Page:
Without wanting to go into details it is fair to say that results were disappointing, with the result tasting rather too much of wet paper.

However it made the arrival at St Lucia all the sweeter to know that the next day we could say goodbye to the instant imitation.

Of course I didn't expect the breakfast area of the hotel to be overrun with swarms of cockroaches, but ah! that coffee tasked good.

Updated: an interesting article about coffee on today's Guardian here.

Sunday, April 03, 2011

My favourite drink

Over on Five O'Clock Somewhere Carol Anne has given us bloggers more time to write about cuisine, which is just as well as my muse is being stretched thin by the pressures of work and general Life with a capital L.

I was just wondering what on earth I could write about while finishing off my Sunday morning coffee when I realised I literally had an idea in my hands (assuming that cuisine includes drinks).

The home made weekend cappuccino made by the steaming grunting Gaggia is indeed one of the great things to savour. Unlike the rushed caffeine injection of the week this says there is time to relax, put one's feet up and read the paper.

And hopefully, like today, the sun will be out, its reflections glinting on the waters of the River Thames flowing by, and the bare branches of the trees will be tipped by the faintest spray of light green.

Updated: I see that Taru's been working on her coffee machine too and posted a picture that also included a very appetising chocolate something.

Now that is a great idea, so as an addendum here is an expresso with some Montezuma dark chocolate to nibble on:

Saturday, April 02, 2011

The HORR and different types of work

There are different types of work. Here are the rowers of the Head of River Race (HORR) no doubt either working very hard or recovering having worked as hard as they can.

I too was working today - or at least working out, doing an 8 km run along the river bank - before going back to do some "work" work at the laptop.


At least could stop in time to enjoy the lovely sunset.

Friday, April 01, 2011

JP accepts adverts shock!!

It's a sad day here at JP HQ where we've finally accepted a big fat cheque in order to run the above advert. Alas the number of zeros were just too tempting, so take it away, Buff Enterprises!!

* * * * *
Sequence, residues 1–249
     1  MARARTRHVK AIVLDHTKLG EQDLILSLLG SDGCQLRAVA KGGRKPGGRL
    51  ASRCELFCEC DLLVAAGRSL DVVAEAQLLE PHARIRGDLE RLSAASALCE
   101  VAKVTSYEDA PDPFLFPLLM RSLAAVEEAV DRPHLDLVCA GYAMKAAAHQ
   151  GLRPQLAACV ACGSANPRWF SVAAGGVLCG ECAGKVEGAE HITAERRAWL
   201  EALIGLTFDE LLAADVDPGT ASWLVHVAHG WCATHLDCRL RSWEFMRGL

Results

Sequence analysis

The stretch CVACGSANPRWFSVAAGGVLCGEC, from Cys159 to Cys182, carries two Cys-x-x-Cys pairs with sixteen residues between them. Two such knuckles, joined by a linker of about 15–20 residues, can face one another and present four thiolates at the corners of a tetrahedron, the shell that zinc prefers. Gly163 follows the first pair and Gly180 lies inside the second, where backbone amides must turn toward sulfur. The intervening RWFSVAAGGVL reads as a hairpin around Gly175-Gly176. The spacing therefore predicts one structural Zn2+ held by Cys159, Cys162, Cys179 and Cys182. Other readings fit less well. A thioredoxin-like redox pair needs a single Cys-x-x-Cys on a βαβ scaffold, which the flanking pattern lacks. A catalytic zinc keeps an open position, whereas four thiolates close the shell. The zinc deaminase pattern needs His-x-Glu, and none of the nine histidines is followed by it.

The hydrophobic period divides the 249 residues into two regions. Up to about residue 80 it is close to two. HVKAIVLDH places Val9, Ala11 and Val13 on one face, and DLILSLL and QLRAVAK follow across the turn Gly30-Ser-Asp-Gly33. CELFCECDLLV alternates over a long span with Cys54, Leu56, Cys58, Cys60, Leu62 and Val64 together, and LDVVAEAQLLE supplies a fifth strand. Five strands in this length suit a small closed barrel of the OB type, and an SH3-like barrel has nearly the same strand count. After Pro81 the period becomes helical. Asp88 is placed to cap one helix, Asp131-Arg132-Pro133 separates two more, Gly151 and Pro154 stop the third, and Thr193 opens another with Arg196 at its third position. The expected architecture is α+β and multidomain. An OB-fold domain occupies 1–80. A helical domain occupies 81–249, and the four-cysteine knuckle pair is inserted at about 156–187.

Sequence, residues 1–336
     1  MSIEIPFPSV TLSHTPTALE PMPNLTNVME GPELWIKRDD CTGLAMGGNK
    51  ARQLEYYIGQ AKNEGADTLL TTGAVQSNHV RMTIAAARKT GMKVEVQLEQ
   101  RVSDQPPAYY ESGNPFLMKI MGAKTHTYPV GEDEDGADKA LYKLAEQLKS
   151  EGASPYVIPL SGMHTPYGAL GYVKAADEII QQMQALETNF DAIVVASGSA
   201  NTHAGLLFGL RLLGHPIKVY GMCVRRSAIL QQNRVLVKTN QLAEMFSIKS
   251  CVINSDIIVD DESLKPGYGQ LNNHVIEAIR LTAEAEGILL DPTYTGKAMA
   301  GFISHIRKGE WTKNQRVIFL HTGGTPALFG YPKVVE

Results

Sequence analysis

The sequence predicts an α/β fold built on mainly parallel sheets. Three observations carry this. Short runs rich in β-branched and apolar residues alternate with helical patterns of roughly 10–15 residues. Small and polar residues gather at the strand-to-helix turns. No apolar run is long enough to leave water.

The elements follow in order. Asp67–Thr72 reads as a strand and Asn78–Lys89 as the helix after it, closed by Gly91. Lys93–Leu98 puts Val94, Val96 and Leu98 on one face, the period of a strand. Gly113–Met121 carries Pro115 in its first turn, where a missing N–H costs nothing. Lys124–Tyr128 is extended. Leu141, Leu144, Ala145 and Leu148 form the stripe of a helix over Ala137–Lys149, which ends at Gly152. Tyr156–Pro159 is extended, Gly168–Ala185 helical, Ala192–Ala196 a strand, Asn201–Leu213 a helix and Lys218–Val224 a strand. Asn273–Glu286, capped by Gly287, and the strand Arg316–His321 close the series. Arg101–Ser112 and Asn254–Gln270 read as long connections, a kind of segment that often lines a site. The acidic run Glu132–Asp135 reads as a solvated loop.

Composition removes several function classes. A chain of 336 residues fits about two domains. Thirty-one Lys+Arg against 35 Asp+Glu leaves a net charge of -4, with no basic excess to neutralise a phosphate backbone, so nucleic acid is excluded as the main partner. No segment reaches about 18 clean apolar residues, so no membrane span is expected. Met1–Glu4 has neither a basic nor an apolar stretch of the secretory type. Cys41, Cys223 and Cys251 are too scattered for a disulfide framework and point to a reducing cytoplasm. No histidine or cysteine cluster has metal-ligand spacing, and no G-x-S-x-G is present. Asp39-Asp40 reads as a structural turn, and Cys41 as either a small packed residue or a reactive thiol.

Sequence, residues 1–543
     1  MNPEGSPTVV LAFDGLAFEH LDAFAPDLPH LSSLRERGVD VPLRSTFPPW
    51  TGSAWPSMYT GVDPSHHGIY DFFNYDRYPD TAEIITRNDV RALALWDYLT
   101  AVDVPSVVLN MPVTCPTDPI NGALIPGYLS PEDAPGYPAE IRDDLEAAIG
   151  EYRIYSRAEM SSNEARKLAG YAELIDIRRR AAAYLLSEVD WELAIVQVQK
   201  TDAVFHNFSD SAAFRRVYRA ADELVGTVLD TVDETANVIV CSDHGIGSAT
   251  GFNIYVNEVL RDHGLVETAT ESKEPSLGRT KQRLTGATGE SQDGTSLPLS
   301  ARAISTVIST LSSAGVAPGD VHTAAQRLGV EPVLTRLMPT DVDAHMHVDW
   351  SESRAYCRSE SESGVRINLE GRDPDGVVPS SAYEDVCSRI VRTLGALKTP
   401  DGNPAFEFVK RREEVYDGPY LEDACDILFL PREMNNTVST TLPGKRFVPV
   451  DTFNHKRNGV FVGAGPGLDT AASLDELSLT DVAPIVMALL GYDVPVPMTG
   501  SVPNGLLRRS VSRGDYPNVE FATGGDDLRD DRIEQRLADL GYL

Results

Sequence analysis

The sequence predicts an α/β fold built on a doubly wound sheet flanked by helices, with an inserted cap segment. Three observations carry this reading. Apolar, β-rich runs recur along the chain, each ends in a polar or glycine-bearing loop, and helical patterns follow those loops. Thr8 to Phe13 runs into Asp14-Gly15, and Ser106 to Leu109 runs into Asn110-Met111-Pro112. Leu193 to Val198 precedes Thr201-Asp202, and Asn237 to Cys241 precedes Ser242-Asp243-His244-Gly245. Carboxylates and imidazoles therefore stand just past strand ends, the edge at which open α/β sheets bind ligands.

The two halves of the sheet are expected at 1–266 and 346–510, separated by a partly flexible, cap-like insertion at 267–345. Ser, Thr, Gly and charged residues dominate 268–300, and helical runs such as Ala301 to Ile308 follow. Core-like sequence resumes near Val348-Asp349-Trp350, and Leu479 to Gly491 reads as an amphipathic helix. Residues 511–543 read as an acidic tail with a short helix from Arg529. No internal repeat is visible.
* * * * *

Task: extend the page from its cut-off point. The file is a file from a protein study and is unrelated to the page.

G'day all, Buff Staysail here, Buff by name and Buff by nature!!!

I'm here today to bring you a special offer you just can't resist!! Is your blog dull? Do you want a bit more bzing?? Well look no further, for I've got just the thing you need - a couple of exclamation marks!!

That's right, we at Buff Enterprises are here to provide you with the punctuation value-added that can only add excitement to the most boring of sentences! As we cater for all tastes - just look at a sample of the selection on offer:
You don't need any training or special equipment - just sprinkle wildly over any document for some added B.S. magic!!

Order yours today - you know it makes sense!!

This is Buff Staysail, CEO of Buff Enterprises, supplier of exclamation marks to the stars, over and out!!

Warning: large exclamation marks are heavy and should be moved only by persons with suitable heavy lift equipment. Over use of exclamation marks can make text and reader tired. Recommended dosage - one per sentence maximum. Not recommended for those being examined for their written English. Some writers can be allergic to their use - anyone suffering from F.Scott Fitzgerald syndrome are advised NOT to purchase this product.

Updated: Oh dear, the cheque from Buff Enterprises bounced, so its back to ad free blogging then.